by Dale Schlundt
The various hierarchical levels in a corporate business, business mergers, countless statistical formulas for probability, and accounting are a few of the topics I covered while working on my bachelor’s in Business Management. Important material you might suggest. Good to know, possibly. My response to that is, “I want a refund.”
What my college overlooked in their curriculum was that little of the previous topics just mentioned held as much weight as the most significant priority in all profit based industries — that is being able to sell. More specifically, without the ability to be successful as a salesperson in any sector of business, relatively little of the rest proves to be beneficial. Regretfully, this was never a major emphasis in my undergraduate course work, yet something learned outside of this context.
Now before I go any further, it is important to say that I am a huge proponent of higher education, as I now teach U.S. history at the college level, and truly believe in its undeniable benefits. However, what I question is the material taught in both secondary and post-secondary institutions, in terms of its ability to ready our pupils for the real world. There are no quotations around that phrase, the real world, because there are truly none needed. When referring to this place in this way, it should be noted that real is exactly the correct description. No longer based on theory (or what should work), but on what actually does work. Unfortunately, very few people are willing to pay for theory, but what is appreciated is results. So my question is why do so many institutions teach what few care about in the real world?
Now as an academic I am heavily devoted to theory within my specific field, as most professors are and should be in their field. Despite this fact, my teachings although include theory, are not limited to this, but focus on practical applications. The argument here is that theory should not be the beginning and end of our pedagogical work. So staying true to what I am “preaching”, allow me to give you a practical example of this argument or theory I am promoting. I rarely teach specific dates in my U.S. history class. Students knowing the correct century, as well as whether it was early, mid, or late in the century, is the most that is required of them to do well in the class in reference to dates.
Now of course there are exceptions, such as we should all know when we declared our independence. Not overlooking 1861 perhaps, when the American Civil War began. However, February 12, 1809, the date of Lincoln’s birthday, I put the question to you, do we really care? More to the point, do we really need to care? The Louisiana Purchase was completed on April 30, 1803, now how many of my students, who do not continue on in the discipline of history, are going to remember that date when they turn 30 years old?
Now the probability that they might remember the Purchase happened in the early part of the 19th century is much higher, I would argue. It is reasonable to suggest that requiring the less specific date is much more practical, as these dates are typically not what are asked in an interviews our students engage in later in life, regardless if the position is historically related or not.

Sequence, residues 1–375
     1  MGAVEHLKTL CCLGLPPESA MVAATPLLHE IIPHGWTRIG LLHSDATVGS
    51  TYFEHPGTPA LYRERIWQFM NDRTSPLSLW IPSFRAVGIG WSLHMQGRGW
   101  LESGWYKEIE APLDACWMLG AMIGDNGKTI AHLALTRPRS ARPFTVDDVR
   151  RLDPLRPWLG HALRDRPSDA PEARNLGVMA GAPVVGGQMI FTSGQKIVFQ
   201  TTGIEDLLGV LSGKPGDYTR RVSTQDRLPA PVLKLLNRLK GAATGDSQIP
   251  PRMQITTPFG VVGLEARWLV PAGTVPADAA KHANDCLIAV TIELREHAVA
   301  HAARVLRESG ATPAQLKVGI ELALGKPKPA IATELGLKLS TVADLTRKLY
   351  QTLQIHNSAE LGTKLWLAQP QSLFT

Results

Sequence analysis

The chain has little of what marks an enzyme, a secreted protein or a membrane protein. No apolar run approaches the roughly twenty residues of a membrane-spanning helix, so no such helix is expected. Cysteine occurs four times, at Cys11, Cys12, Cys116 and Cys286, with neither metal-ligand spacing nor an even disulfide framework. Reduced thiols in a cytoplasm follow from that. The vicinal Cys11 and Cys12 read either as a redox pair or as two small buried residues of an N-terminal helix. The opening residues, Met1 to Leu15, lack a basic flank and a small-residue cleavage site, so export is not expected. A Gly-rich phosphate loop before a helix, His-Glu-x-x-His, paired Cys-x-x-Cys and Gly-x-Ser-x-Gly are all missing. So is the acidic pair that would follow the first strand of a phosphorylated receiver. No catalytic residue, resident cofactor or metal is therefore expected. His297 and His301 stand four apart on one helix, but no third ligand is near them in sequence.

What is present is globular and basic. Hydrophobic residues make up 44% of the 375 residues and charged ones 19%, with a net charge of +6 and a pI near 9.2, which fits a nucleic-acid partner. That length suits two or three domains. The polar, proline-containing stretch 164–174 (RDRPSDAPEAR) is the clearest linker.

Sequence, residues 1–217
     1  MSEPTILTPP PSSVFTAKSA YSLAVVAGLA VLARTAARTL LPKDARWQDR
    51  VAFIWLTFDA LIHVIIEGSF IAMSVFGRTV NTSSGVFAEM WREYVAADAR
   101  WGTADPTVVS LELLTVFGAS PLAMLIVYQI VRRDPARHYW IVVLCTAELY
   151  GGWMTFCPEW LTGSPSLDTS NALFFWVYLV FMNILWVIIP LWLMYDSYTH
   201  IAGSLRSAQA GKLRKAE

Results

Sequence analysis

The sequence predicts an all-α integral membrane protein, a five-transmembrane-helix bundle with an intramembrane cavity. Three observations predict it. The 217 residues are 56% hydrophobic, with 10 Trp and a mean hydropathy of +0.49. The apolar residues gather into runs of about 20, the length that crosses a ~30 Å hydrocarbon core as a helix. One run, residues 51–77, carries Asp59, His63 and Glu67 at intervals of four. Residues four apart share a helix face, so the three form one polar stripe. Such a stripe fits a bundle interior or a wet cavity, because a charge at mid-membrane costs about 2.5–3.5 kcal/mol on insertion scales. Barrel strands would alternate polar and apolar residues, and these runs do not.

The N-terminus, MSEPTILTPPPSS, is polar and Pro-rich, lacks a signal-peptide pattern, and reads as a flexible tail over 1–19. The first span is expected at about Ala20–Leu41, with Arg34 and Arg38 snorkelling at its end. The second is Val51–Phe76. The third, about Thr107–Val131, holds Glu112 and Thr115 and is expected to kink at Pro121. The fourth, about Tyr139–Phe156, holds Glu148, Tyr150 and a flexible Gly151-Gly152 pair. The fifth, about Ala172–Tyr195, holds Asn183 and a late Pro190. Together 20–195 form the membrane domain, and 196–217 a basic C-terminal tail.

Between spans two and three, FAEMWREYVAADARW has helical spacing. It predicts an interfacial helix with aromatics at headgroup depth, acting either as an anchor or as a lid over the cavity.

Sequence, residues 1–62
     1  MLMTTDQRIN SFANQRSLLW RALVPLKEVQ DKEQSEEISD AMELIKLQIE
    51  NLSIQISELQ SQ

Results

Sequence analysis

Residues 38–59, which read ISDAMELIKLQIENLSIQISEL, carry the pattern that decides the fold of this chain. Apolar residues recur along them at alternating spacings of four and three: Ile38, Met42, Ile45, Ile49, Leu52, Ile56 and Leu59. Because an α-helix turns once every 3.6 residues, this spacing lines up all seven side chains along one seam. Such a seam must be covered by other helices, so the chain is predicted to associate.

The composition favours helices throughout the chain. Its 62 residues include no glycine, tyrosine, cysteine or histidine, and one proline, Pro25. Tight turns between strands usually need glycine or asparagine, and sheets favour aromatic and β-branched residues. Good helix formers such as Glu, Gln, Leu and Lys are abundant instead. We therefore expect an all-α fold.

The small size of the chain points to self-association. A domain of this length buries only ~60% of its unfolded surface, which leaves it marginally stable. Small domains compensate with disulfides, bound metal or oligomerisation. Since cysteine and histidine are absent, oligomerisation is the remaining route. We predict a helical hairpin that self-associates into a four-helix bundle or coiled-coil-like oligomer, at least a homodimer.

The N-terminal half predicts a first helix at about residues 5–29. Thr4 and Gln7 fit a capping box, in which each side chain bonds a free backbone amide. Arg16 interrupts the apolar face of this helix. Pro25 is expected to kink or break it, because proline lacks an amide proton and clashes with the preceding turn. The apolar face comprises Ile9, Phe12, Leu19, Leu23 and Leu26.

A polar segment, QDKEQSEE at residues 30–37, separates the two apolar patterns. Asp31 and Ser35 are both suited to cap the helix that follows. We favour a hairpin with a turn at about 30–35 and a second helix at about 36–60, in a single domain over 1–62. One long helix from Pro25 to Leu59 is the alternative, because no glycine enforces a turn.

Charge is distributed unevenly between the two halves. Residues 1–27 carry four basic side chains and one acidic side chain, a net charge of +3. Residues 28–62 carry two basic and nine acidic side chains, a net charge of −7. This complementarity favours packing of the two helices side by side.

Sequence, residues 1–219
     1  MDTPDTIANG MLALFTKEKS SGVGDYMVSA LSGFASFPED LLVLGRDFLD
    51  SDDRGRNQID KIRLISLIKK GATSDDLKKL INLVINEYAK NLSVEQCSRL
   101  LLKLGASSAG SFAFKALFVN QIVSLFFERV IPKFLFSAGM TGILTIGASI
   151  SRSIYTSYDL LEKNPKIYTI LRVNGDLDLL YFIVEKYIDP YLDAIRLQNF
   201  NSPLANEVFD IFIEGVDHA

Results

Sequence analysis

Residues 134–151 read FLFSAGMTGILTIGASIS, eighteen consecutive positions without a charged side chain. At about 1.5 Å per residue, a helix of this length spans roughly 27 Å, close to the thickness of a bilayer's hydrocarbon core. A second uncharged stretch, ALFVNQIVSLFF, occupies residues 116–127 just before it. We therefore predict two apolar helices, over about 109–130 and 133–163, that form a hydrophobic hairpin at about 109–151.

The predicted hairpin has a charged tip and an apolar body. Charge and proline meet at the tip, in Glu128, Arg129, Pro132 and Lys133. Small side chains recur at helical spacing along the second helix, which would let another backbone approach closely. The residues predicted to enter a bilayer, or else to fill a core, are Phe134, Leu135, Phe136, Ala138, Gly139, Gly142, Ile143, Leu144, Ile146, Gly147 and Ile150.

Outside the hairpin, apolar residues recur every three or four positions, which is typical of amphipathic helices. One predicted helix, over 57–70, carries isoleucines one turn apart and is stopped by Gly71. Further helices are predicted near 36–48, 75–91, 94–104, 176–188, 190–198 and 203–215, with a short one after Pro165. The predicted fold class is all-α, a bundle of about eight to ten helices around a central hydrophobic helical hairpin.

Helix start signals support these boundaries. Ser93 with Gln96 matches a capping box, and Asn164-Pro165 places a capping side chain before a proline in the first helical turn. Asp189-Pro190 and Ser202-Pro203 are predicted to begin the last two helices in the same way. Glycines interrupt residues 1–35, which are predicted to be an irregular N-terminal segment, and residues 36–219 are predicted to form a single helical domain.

Continuing with the prior example, you might be pondering the question, so what do you teach? Isn’t history all about dates? As discussed in one of my previous articles, “Teaching that Promotes the ‘I Get It’ (Understanding or Memorization)”, the answer is whatever makes the content significant to my students. In other words, what makes them motivated to be engaged.
That is within reason, of course. For instance, slavery is unfortunately a major historical factor in both U.S. as well as world history, one that cannot be overlooked by any historian. Yet students may become bored with seeing this topic continuously arise in the many time periods being covered throughout the semester. So one day my goal was to find a new element to bring into the topic, while still covering the necessary material. The aspect of both slave songs as well as religion came to mind. I began to research and use many knowledgeable scholars’ work on African American’s connection to the Baptist religion, both in the 19th century and as seen in present day America. To advocate for the student’s perspective, who cares about what type of faith 19th century slaves were able to adopt and gradually make their own?
Simply put, there are those who do not find history interesting, or important. Yet, connect it to our lives today, such as how this affected what would be the primary religion practiced by African Americans today and all of a sudden the relevance as well as interest has drastically grown within the student’s eyes.
This debate is obviously not limited to history, lending itself to any educational efforts or goals. As adults we feel that our time is valuable, not to mention lacking in availability. Yet to enhance our success within the practice of pedagogy, one should consider their student’s time just as important as their own — therefore being more discriminating in deciding what information is vital, as opposed to, for lack of a better phrase, a waste of time.
Dale Schlundt holds a Master’s Degree in Adult Education with a concentration in American History from the University of Texas at San Antonio and is currently an Adjunct Professor for Palo Alto College.